Jack's use of power is ambitious and self-serving. When Ralph was chief, he used the role to help the tribe and built huts for the littluns and oversaw the building of a signal fire; Jack, on the other hand, acts completely different. He shows off his power to Piggy and Ralph at the feast by making one of the littluns serve him:
"Give me a drink."
Henry brought him a shell and he drank, watching Piggy and Ralph over the jagged rim. Power lay in the brown swell of his forearms: authority sat on his shoulder and chattered in his ear like an ape." (Chapter 9)
Unlike Ralph, he has seized power for himself, taken control of the tribe through sheer force. Instead of seeing being chief as a 'service' role, he expects and demands to be served by the other boys. He wants to be exalted and recognized.
In Lord of the Flies, there are many contradictory and conflicting emotions facing this group of school boys who find themselves on an island with no guidance from any adults in their attempts to survive and to ensure their collective safety. In assigning power within the group, Piggy and Ralph recognize the need to form a cohesive group so that they can be effective in building shelters, finding food, keeping the rescue fire going and setting up a secure community where everyone will be safe. On the other hand, Jack sees great potential for his own self-development through a misuse of power. His grounds for being chief are based on what he considers to be his proven track-record as he is "chapter chorister and head boy." He does not assess the situation as Ralph has done with Piggy's help and his faith in his personal attributes and ability to "sing C sharp" indicate that he has no appreciation for the predicament and no planning ability. The conch sets Ralph apart but Jack's self-assurance gives him power.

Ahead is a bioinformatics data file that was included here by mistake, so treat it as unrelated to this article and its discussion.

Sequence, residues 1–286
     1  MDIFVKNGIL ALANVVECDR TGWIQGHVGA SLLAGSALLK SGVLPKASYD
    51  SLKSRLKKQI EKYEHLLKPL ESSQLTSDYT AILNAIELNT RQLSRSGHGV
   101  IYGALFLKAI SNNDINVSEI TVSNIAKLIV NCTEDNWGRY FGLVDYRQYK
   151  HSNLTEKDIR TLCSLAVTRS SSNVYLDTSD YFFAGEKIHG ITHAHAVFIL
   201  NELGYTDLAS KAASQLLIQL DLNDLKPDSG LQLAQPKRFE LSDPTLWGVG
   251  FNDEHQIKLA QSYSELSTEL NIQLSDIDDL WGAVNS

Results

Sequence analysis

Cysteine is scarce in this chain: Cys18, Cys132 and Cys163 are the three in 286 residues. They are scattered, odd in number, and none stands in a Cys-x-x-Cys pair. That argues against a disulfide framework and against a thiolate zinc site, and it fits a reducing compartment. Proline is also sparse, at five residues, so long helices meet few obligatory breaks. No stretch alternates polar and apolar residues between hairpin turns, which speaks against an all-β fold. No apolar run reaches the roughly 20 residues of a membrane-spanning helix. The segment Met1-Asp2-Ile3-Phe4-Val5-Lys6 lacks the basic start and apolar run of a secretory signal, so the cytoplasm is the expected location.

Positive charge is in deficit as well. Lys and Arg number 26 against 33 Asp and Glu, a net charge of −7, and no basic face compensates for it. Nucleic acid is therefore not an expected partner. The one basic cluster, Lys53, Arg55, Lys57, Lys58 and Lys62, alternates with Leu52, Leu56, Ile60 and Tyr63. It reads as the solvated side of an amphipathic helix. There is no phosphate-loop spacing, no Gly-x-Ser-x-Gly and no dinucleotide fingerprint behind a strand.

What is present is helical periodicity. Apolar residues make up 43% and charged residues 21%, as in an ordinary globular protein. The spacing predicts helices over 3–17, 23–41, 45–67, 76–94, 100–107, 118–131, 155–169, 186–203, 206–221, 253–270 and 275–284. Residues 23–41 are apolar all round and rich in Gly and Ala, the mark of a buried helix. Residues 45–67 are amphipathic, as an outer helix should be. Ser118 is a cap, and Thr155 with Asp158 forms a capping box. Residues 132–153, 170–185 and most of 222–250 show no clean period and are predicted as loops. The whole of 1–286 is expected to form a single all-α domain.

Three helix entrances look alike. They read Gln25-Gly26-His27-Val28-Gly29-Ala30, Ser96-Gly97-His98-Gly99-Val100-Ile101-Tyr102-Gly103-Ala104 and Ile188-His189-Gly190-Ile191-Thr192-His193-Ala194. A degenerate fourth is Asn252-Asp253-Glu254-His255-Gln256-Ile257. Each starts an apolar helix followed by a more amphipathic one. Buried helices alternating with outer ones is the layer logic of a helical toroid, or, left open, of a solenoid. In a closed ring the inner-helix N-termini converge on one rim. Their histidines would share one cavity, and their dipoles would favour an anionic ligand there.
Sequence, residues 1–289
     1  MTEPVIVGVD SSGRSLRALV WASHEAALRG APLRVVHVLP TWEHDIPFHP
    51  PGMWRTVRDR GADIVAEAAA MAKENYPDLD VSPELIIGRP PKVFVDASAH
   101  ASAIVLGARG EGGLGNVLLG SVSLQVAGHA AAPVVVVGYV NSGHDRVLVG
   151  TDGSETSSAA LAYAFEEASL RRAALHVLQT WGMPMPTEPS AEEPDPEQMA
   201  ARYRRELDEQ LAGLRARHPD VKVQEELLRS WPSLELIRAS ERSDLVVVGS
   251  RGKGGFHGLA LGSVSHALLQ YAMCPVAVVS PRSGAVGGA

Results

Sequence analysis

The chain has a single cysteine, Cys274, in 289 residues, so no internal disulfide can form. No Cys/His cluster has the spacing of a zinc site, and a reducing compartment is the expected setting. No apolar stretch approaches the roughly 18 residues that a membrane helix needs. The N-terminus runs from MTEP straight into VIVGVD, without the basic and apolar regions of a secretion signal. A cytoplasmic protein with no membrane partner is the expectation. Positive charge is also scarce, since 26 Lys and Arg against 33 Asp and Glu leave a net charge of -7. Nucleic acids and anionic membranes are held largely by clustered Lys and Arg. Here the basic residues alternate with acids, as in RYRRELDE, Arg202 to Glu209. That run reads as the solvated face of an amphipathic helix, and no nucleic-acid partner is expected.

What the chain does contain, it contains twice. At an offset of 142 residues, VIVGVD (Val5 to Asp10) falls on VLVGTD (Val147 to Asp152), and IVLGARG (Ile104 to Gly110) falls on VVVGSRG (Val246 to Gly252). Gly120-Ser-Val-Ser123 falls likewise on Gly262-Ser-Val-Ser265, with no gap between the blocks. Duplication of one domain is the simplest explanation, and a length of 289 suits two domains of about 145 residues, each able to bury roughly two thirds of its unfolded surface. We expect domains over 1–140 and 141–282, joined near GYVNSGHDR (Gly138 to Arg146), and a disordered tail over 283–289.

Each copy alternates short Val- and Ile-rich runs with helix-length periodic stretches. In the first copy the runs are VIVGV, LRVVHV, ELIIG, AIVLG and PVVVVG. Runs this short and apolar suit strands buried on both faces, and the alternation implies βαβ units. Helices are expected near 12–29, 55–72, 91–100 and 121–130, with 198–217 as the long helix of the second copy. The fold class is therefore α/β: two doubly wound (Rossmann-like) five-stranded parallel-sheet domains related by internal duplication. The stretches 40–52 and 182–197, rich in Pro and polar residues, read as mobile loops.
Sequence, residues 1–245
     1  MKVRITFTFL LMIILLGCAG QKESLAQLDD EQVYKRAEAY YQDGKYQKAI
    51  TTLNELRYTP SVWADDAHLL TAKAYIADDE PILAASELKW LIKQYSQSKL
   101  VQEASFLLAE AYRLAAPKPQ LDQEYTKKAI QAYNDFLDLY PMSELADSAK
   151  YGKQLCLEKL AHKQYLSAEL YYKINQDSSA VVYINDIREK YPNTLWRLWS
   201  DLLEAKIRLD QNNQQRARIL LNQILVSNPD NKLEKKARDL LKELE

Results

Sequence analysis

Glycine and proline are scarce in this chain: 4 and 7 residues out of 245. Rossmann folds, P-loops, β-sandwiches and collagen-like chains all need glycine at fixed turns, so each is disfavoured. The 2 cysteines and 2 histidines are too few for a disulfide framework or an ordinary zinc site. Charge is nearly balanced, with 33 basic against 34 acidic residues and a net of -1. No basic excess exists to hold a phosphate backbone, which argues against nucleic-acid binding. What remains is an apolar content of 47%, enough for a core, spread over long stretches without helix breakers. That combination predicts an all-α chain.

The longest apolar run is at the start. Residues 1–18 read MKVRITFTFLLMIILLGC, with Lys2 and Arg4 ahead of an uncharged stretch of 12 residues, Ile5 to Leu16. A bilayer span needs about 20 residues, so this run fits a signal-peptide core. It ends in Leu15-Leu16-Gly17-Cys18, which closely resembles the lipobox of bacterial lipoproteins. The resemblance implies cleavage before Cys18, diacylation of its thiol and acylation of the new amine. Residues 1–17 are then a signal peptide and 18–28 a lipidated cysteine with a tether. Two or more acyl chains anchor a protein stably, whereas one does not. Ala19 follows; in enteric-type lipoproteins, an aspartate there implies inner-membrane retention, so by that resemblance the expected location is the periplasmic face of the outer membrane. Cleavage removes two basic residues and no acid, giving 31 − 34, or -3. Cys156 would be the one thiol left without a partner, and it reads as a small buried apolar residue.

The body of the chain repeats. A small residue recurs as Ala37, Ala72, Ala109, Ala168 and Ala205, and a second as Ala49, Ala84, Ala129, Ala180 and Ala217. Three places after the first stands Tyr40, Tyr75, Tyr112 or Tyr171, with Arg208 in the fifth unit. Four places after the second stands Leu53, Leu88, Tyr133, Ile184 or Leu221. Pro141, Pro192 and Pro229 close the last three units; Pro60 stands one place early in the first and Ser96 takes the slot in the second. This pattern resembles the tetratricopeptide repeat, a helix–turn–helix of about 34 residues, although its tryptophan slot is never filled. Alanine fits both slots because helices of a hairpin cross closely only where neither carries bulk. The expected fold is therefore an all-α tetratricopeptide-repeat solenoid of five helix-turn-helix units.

Ralph takes his appointment as chief seriously and allocates jobs appropriately whereas Jack acts in the moment with little concern for consequences. One of the biggest differences between Ralph's democratic style of leadership and Jack's leadership is in their use or abuse of their seniority. Even though Jack was not voted chief he does hold a position of authority, especially over the choir boys. Ralph's recognition of this speaks to his ability to work as a team rather than as a figurehead. Unfortunately, Ralph has overlooked Jack's competitive nature and controlling personality.
Jack sees himself as an expert in all things related to hunting, making himself invincible with his face paint and thinking that an apology is sufficient to obviate his flagrant abuse of power when he lets the fire go out. He sees others as followers who must obey him. He does not appreciate interference, especially from Piggy and uses the boys' fear against them in establishing himself. He attempts to make the boys so reliant on him that they cannot function without him and if they do, he wants then to understand that they are surely doomed. The beast can only be controlled if Jack takes charge. He uses this power consistently, from the time that he denies the existence of a beast to leaving a "gift' for it. He challenges the beast and sets his tribe up as hunters and even suggests that he has the power to include or exclude the other boys from joining the feast. Ultimately, he will withdraw from his apparent position of power when the naval officer asks Ralph who the "boss' is. For the first time, Jack reveals that he is aware of his unacceptable behavior in the eyes of the civilized world, hesitating and making the decision not to reveal himself as leader, letting Ralph face any potential consequences. Jack has always hid his cowardice behind his seemingly powerful facade.